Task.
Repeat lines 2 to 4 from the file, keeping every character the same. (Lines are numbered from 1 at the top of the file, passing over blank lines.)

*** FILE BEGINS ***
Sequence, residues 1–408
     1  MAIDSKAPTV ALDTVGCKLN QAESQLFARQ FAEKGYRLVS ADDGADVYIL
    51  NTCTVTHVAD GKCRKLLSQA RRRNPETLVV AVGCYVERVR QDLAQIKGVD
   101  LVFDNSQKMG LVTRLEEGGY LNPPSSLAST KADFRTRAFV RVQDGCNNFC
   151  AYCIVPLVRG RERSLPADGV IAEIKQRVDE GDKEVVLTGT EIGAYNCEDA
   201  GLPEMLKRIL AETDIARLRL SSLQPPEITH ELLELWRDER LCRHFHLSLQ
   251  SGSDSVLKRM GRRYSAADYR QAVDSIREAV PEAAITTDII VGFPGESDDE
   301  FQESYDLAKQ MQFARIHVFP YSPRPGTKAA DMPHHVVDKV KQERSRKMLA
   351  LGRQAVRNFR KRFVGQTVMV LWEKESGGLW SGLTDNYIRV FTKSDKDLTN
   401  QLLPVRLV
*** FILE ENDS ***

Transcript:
     1  MAIDSKAPTV ALDTVGCKLN QAESQLFARQ FAEKGYRLVS ADDGADVYIL
    51  NTCTVTHVAD GKCRKLLSQA RRRNPETLVV AVGCYVERVR QDLAQIKGVD
   101  LVFDNSQKMG LVTRLEEGGY LNPPSSLAST KADFRTRAFV RVQDGCNNFC